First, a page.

The world's first wiki where authorship really matters (Nature Genetics, 2008). Due credit and reputation for authors. Imagine a global collaborative knowledge base for original thoughts. Search thousands of articles and collaborate with scientists around the globe.

wikigene or wiki gene protein drug chemical gene disease author authorship tracking collaborative publishing evolutionary knowledge reputation system wiki2.0 global collaboration genes proteins drugs chemicals diseases compound
Hoffmann, R. A wiki for the life sciences where authorship matters. Nature Genetics (2008)

Contribution of sequence variation in Drosophila actins to their incorporation into actin-based structures in vivo.

Actin is a highly conserved protein important for many cellular functions including motility, contraction in muscles and intracellular transport. Many eukaryotic genomes encode multiple actin protein isoforms that differ from each other by only a few residues. We addressed whether the sequence differences between actin paralogues in one species affect their ability to integrate into the large variety of structures generated by filamentous actin. We thus ectopically expressed all six Drosophila actins as fusion proteins with green fluorescent protein (GFP) in a variety of embryonic, larval and adult fly tissues. We found that each actin was able to integrate into most actin structures analysed. For example, in contrast to studies in mammalian cells, the two Drosophila cytoplasmic actins were incorporated into muscle sarcomeres. However, there were differences in the efficiency with which each actin was incorporated into specific actin structures. The most striking difference was observed within the Z-lines of the sarcomeres: one actin was specifically excluded and we mapped this feature to one or both of two residues within the C-terminal half of the protein. Thus, in Drosophila, the primary sequence of different actins does affect their ability to incorporate into actin structures, and so specific GFPactins may be used to label certain actin structures particularly well.[1]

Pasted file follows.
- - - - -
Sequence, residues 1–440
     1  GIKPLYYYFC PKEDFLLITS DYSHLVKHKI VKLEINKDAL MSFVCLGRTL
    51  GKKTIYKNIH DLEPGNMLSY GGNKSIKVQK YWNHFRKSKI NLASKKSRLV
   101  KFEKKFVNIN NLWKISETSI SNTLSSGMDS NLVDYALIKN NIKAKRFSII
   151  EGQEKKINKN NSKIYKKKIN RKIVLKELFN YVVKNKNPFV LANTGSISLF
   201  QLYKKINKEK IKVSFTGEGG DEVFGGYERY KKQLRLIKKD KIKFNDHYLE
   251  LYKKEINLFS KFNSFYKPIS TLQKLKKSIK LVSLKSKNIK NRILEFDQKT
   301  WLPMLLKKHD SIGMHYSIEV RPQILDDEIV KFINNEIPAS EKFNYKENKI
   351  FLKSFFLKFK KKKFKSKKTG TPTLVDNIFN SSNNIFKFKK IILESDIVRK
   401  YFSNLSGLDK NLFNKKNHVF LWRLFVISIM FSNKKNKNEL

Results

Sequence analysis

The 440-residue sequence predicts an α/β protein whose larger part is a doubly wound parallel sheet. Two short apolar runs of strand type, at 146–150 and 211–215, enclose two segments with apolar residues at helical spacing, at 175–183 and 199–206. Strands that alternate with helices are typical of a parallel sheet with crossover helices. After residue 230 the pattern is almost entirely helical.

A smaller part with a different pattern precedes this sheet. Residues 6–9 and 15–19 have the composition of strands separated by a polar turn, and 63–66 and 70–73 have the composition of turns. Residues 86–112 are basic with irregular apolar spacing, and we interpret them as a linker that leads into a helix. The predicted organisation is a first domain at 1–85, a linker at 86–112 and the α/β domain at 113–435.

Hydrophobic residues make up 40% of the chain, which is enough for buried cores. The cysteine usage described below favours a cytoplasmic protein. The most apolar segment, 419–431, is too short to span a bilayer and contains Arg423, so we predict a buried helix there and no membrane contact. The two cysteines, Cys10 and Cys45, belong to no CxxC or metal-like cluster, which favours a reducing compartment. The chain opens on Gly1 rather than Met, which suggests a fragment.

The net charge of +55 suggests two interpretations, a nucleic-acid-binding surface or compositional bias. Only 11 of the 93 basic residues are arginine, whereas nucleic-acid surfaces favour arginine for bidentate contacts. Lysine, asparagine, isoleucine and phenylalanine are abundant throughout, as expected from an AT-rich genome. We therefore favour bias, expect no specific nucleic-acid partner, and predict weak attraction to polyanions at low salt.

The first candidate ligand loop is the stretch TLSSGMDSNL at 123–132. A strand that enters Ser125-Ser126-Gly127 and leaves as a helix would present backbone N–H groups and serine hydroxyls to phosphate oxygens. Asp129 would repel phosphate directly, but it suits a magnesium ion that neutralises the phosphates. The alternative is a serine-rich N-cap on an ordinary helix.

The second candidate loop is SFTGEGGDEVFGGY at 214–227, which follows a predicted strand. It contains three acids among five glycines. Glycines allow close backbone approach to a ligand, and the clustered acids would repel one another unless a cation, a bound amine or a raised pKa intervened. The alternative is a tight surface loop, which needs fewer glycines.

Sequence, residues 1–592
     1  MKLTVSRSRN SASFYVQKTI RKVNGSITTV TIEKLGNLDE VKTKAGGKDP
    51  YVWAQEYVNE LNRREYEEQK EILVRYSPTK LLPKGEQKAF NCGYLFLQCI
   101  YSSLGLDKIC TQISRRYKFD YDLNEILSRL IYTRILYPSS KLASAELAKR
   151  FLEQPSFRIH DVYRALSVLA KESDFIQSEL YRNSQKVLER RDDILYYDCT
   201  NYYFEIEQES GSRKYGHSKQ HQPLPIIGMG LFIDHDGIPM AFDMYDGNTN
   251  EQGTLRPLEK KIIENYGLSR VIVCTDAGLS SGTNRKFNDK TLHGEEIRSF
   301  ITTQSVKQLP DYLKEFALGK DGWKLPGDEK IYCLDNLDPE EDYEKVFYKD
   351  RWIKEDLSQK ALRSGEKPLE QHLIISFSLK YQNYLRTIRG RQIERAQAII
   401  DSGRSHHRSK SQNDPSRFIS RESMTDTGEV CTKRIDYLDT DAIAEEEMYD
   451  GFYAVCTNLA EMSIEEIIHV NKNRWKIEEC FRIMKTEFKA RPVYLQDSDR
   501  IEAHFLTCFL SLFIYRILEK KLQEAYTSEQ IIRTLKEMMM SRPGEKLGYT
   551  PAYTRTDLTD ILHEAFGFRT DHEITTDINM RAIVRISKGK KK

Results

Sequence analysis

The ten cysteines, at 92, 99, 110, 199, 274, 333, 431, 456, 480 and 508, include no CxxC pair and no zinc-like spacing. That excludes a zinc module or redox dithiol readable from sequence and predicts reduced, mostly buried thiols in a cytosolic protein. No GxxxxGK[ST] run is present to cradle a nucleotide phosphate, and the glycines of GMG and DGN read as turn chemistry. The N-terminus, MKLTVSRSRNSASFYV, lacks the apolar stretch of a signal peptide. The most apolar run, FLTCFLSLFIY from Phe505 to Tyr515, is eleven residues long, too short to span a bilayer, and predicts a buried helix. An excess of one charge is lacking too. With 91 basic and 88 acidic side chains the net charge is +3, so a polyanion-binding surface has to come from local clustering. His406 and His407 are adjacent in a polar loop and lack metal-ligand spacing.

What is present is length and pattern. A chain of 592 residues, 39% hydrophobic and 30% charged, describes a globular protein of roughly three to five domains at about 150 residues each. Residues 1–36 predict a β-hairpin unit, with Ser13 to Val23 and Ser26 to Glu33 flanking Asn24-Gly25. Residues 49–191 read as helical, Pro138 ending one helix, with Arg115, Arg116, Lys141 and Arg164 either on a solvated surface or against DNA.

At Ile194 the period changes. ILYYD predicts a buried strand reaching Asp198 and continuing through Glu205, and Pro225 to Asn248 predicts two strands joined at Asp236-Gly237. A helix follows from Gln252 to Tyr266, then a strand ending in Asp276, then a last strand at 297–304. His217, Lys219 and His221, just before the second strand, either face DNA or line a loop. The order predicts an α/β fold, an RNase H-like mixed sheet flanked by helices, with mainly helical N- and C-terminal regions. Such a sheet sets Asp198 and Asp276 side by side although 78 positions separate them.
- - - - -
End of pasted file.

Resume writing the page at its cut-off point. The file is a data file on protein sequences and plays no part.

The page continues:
WikiGenes - Universities